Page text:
There is not a single part of Second Life that could not have been done far better than it has today, and no better example of this lackluster outcome can be shown than through the underachievement of Linden Lab for the past number of years by example.


I’m a realist at heart, so while others sing the unending praises of Second Life (or any technology) I’m usually the first to ask why such technology even deserves to be on that pedestal to begin with. I do give praise where it is earned, without hesitation – but you have to earn it. In the same breath, I am also looking for everything that is wrong with the same system not because I somehow have a vendetta or a score to settle – but because I know that if you want something to be truly better and to ascend to something greater, you have to be willing to point out where something is wrong so it can be made better. As uncomfortable as that may make people, the point is to continue making those people uncomfortable and take them down a few notches from that pedestal.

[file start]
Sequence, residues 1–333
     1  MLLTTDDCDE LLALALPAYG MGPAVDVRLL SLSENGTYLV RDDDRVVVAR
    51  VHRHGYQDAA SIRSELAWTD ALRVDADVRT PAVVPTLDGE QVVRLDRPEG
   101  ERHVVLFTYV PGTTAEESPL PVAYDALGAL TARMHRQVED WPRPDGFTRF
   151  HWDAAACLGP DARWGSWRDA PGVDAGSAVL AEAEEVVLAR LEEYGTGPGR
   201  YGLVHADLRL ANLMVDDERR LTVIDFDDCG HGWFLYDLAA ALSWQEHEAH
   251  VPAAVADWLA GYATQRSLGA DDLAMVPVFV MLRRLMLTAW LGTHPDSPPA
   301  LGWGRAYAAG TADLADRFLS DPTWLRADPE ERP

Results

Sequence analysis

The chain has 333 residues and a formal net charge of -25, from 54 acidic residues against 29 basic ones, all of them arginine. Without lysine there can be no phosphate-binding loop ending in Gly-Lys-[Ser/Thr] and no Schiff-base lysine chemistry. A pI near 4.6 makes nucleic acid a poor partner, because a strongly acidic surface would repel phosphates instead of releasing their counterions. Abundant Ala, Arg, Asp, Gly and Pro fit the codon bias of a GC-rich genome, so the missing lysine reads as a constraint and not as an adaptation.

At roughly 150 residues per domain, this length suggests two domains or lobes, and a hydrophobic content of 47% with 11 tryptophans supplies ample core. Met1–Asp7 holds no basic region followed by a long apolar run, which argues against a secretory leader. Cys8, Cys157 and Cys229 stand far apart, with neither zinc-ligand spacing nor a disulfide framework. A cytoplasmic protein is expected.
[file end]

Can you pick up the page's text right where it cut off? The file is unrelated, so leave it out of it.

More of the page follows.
I want to make it a point to break the apathy and disillusionment. I want to return us to the days when we’d look at something and say “How can this be better?”


This is the premise behind being honest; not just about what you are praising, but honest with yourself as well. Honesty doesn’t always mean you’ll have your lips planted firmly on somebody’s rear end, and often times it will mean you are at direct odds.


That takes honesty, and I wouldn’t have it any other way.


I’m not in the industry to hang out with the “cool kids”, though I often do. I’m in the industry to make an actual difference, and if I’m hanging out with the “cool kids” along the way, that’s a pleasant side effect. I’ve had the distinct privilege (and continue) to associate with some of the brightest men and women I’ve ever known, people who are far above the concept of merely Second Life and have contributed some of the most mind boggling innovations to virtual and synthetic environments the world may ever see. These are the people I personally admire in the industry – the unsung heroes of technology and innovation that make things like Second Life, and far more, even possible. Make no mistake, I’ve even criticized many of these people directly, and we’ve had a lot of great debates about the present and future of virtual worlds.